What can we learn from HR practices across business?  

Looking more broadly at human resources practices beyond our sector, the following elements appear time and again. Many are common sense, but when brought together provide a roadmap to follow to create appealing, successful, job descriptions.  

The impact of salary and benefits on the decision of who to work for cannot be ignored. Especially in an environment where so many competing companies are recruiting for the same roles simultaneously. Salaries need to be competitive. It is worth reading job descriptions issued by competitors to discover what recruits might expect. Benefits should be both competitive and tailored. Consider the priorities that learning coaches may have when seeking a new position. Identify particular benefits which could appeal to and attract the right candidates. Opportunities for additional learning, for example, can help you overcome the skills coach shortage and successfully recruit. 

Other, more standard benefits should not be forgotten either. Offer a decent number of holiday days, a good pension, healthcare, or a company car or a bike scheme. All are valuable extras to include as standard to help with recruitment and retention. And while we saw before that flexibility in terms of location and hours is not enough to attract and retain the best employees, job offers without this included will largely be ignored. It’s now an expected benefit.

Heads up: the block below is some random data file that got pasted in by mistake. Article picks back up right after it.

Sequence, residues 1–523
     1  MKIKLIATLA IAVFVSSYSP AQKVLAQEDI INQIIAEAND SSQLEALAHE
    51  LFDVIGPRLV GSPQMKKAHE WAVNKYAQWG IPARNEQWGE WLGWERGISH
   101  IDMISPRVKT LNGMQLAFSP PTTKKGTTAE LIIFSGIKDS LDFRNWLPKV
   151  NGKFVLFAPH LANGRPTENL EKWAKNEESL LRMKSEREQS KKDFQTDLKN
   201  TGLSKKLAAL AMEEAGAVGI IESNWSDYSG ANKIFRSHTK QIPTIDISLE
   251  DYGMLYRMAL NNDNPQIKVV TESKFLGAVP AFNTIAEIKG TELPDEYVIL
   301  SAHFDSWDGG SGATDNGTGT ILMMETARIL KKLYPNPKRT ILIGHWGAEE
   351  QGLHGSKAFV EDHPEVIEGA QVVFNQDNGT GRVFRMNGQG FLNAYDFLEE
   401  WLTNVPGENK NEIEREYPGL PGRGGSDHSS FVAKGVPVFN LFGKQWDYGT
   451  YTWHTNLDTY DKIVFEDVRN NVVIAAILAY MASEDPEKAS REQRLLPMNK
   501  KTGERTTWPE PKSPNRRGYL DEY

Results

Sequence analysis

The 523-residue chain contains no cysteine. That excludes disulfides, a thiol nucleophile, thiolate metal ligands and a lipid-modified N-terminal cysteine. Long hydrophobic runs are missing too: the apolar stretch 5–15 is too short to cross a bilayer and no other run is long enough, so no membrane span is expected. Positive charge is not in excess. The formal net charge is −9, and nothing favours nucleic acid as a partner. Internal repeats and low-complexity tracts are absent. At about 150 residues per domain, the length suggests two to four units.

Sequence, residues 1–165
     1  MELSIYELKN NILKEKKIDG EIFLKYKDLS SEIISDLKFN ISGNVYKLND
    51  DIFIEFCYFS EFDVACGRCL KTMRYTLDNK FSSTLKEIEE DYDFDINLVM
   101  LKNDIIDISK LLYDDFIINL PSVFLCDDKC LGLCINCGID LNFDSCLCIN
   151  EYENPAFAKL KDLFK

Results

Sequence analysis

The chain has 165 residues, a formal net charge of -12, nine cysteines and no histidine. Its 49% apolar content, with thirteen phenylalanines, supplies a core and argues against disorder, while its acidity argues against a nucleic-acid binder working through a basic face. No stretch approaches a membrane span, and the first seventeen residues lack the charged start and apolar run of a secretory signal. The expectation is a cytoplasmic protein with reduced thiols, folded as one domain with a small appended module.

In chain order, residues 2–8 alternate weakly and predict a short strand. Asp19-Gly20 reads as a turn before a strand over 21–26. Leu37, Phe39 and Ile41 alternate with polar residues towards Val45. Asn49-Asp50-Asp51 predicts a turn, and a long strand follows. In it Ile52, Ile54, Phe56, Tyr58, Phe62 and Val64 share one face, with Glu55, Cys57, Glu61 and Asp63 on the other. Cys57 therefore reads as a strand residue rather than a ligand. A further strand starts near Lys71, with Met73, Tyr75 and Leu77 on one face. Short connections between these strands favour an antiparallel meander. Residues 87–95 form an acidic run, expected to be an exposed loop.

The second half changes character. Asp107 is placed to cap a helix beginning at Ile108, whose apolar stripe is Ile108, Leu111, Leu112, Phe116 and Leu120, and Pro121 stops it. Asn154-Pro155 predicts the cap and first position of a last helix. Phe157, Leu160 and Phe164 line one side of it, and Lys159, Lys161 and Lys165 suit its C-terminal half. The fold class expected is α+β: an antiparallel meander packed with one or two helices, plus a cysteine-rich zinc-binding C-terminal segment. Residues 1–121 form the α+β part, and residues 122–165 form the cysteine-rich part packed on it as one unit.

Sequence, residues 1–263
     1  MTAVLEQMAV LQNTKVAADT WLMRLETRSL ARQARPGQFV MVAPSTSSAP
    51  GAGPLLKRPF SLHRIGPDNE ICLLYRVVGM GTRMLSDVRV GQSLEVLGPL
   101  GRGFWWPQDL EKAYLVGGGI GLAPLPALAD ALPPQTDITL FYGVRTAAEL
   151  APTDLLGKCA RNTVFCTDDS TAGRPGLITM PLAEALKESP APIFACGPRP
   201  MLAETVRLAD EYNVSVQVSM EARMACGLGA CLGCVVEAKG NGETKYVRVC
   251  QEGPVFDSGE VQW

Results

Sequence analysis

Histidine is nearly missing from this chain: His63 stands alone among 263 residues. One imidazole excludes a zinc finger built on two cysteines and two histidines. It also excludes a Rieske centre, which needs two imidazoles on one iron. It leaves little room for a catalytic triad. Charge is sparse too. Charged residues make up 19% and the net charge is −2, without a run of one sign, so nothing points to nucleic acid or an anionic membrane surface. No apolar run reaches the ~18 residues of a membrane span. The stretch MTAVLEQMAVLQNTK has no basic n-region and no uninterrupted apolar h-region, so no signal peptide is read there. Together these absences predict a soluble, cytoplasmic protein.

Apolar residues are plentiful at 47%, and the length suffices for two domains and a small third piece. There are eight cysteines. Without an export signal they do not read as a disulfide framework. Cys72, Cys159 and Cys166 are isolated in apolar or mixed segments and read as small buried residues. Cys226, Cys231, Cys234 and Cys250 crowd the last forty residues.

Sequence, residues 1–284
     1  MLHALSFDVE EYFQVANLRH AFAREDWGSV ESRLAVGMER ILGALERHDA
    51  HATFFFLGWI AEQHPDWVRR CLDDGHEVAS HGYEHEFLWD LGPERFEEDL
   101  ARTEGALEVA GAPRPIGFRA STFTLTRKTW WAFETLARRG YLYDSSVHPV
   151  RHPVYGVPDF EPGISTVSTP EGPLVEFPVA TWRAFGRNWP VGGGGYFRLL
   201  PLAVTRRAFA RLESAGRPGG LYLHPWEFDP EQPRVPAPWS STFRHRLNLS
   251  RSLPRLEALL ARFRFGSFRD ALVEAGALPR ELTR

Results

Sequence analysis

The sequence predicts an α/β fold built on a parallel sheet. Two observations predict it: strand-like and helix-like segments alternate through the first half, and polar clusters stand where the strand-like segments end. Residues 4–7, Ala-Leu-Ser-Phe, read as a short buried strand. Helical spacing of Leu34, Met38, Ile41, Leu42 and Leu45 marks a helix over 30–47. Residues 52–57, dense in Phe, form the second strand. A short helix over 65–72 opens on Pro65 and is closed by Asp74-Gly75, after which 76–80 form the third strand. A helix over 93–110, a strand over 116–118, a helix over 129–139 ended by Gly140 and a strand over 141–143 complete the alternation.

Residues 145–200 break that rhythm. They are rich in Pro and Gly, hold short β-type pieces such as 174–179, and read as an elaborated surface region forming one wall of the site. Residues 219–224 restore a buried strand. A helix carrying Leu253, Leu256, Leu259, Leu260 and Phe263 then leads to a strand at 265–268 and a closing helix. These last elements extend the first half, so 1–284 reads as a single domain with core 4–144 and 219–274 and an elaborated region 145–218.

As well as company reputation, financial benefits and time commitment, recruits will scrutinise job descriptions. Ensuring that targets are fair and realistic, and recognise the division between goals that are achievable and within the power of the learning coach, and those that are outside of their control, can instil confidence in recruits that they will find themselves in a supportive working environment. One that understands the challenges inherent in the role. Feedback should also be mentioned, given how powerful this can be in enabling learning coaches to develop their approaches and improve their results.  

Putting best practice into practice 

There’s a lot to consider when writing job descriptions and advertising roles. Recruitment is a form of marketing, and recruiters can learn a lot from marketer’s approach to reaching desired audiences. Personalisation is a key tactic. Making sure you have the ideal recruit in mind and understand their priorities, goals and values, will help you to reach the right people. Have vocal brand advocates present in recruitment drives or including quotes from employees on your website, social media and other materials. These will reassure interested recruits that they are on to a good thing. And ensuring values are carried through in delivery will make sure you keep hold of your new employees. 

Staff members are internal customers. Ensuring they continue to have a good experience will build trust and loyalty, ultimately helping you to retain your best staff and the great results they bring.   

How are you handling the skills coach shortage? Let us know on Twitter!